Compounding the problem are the wider impacts of the coronavirus, which is causing cancellations of short-haul flights within Europe. Large markets such as Italy are now almost entirely shut down.

In this situation, “cash is king”, observes Morris. Airlines will take all available steps to rein in spending. Strickland highlights that airlines are already asking airports to defer fees, while lobby group A4E has called on governments to defer or waive aviation taxes and class the coronavirus as an “extraordinary circumstance” under the EU261 compensation legislation.

“To be clear, airlines will continue to look after our passengers and our staff as best as we can under the circumstances – but immediate action to alleviate the impact of this crisis on our sector is greatly needed,” says A4E.

Seasonality is the norm for airlines, who traditionally bleed cash over the winter months and accumulate it during the summer. Coronavirus is upending this. After airlines’ cash piles were drawn down amid the winter, coronavirus now threatens to impact peak booking season, preventing them building up their reserves for next year.

“Airlines are coming out from a difficult winter into the key summer booking season, which is obviously not happening now, and it’s pretty much impossible to predict what will happen. It won’t be a normal summer season, even if [coronavirus] has passed,” says Strickland.

Even if the virus subsides and relative normality can be returned within a couple of months, “that cash pile will be worn down”, notes Morris.

In these circumstances, several factors will govern whether airlines can survive: the amount of cash they have to hand, whether they have government owners that can assist, and whether they can access to cash funding through other means. “Airlines that don’t have cash, ways of accessing liquidity, are going to struggle,” warns Morris. “Everyone is potentially failing.”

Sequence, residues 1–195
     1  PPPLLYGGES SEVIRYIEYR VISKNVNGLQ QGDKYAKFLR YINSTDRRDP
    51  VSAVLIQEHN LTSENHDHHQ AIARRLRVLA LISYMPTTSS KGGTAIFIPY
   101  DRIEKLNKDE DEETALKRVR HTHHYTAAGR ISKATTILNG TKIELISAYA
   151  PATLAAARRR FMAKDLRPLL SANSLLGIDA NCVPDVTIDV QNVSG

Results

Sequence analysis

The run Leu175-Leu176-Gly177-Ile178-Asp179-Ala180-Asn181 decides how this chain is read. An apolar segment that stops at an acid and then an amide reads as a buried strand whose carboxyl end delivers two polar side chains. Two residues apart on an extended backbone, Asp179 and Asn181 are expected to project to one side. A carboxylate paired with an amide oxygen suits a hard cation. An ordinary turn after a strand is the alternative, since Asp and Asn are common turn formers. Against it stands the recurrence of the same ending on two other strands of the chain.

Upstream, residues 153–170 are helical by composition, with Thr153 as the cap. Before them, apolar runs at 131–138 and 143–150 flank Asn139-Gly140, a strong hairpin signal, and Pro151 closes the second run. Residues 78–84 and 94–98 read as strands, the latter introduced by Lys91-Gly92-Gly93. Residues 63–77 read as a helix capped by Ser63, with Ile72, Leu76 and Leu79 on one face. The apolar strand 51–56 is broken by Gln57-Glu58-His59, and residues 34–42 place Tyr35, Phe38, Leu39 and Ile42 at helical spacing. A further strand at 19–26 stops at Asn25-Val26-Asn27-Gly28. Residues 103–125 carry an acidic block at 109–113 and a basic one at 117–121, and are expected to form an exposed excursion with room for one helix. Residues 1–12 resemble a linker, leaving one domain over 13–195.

Companies that repeatedly returned to the capital markets in order to raise cash even when economic conditions were benign, such as Norwegian, could face extreme difficulties in maintaining operations, analysts have suggested.

In a note issued today, HSBC highlights that 46% of Norwegian’s traffic is to and from the US market: “Whilst this demand was already extremely weak, as Covid-19 impacted confidence, we think it will come close to drying up altogether.”

Downgrading its expectations for the company, HSBC comments: “We now expect Norwegian to face cash-flow challenges in the near term. Suppliers will likely take a very cautious view towards Norwegian, exacerbating cash challenges. The likelihood of airlines being able to raise significant amounts of new equity in the present environment does not look high.”

As airlines struggle, cash-flow problems could be passed down the supply chain, Morris points out: “European airlines are seeking rent holidays [from lessors], which is fine as long as [the lessor] has capital.”

Like their customers, highly leveraged lessors that are not backed up by well-capitalised parents could find their liquidity strained.

This analysis is written by Jon Robins, part of Cirium’s London-based reporting team. This story has been updated to include Lufthansa’s announced US capacity cuts